Want to talk to someone now? Emergency and support lines

Mental Health Emergency Response Line (MHERL)

Lifeline: 13 11 14
Mensline: 1300 789 978
beyondblue: 1300 224 636
Kids Helpline: 1800 551 800
Rurallink: 1800 522 002

Helping people who aren’t ready for help

Sometimes a person who may be showing signs of a diagnosed mental health condition may refuse to seek support and treatment.1

This can happen for many reasons, but whatever the reasons are, the longer someone goes without support, the more distress they will experience, making it harder for them to recover.1

Supporting the person and encouraging them to seek help in their own time can be important. Below are some things you can do to encourage them to seek support.

  • Plan for what you are going to say. You can start with ‘I’d like to talk something over with you that’s been worrying me. Is this a good time or shall we talk later?’1
  • Speak in a calm, quiet voice. Try to avoid expressing any frustration or getting into an argument. Try to remain calm and supportive.1
  • Become informed. Do your research into what help is available in their area.2 
  • Be patient. It may take a while for the person to process and respond to what you are saying.3
  • Listen. Just listening to what they have to say can make a difference.3
  • Offer to make an appointment. Suggest that you can go with them to their appointment for support.3

What if the person still doesn’t want help?

It is important to reiterate that you are concerned about them. Ask if there are any specific reasons for why they don’t want to seek help. Once you have an idea on what is worrying them, try working together to find a solution. For example:3

  • There are a variety of support options available. This includes talking to someone you trust, speaking to a professional via a support line, online confidential live chat or visiting a GP or local support service.
  • Some people might find it hard to see a GP or other support services because they feel anxious, frightened that others are against them or fear they will be criticised. Explain to them how a GP or a professional support service is there to help and will not judge them.3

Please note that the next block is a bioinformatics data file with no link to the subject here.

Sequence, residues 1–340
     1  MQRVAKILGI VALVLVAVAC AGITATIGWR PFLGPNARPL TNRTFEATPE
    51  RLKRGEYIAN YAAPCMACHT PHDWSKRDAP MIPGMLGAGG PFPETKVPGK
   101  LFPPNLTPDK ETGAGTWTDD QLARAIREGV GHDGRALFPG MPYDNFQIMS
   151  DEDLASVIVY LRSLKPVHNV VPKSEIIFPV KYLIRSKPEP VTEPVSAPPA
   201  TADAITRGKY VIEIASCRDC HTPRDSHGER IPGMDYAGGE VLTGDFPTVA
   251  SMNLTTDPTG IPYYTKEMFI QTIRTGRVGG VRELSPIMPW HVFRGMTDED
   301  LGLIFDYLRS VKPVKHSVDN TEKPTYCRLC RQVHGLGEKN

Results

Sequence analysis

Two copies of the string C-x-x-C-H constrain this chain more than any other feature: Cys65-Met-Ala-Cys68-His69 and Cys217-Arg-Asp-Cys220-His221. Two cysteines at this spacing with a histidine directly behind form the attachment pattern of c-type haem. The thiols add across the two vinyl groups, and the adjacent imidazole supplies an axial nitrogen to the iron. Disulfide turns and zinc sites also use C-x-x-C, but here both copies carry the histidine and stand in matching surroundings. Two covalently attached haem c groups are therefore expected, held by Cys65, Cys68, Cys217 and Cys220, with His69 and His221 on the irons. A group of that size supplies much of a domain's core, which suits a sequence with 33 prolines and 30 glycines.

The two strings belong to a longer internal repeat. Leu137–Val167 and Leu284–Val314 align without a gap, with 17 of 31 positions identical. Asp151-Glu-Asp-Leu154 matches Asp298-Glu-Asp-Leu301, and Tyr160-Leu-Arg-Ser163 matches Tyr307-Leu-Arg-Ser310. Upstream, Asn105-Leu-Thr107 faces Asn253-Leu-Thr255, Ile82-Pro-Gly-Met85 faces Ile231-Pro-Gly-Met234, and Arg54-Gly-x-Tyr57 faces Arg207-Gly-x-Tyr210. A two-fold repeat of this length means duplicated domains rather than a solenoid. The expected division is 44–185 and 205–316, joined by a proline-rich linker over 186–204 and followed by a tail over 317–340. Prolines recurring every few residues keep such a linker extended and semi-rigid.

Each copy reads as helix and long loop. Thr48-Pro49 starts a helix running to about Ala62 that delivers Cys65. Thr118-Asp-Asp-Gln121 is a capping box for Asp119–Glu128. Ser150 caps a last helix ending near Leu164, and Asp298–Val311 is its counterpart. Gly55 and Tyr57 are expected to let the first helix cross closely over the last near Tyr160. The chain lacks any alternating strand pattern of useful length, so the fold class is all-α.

• Some people may have difficulties in putting their thoughts together to explain what is going on, they might find it hard to talk about how they feel or not realise that they need help. In this instance you can support them by speaking to a GP or a support service beforehand, and writing some notes about your concerns in advance may help.3

Remember that it is best for the person involved to voluntarily seek help. However, if you are concerned that they need urgent help (i.e. are at risk to themselves or others) call 000 or call the Mental Health Emergency Response Line (MHERL) 1300 555 788 (Perth Metro Residents); 1800 676 822 (Peel Residents).

Try not to worry if your first attempt to talk to them isn’t successful. An initial conversation may get them thinking about seeking help. Just by being there and being non-judgemental, they will be more likely to come to you when they do decide to seek help.3

You don’t have to deal with the situation on your own, there are support services that can provide advice and support.3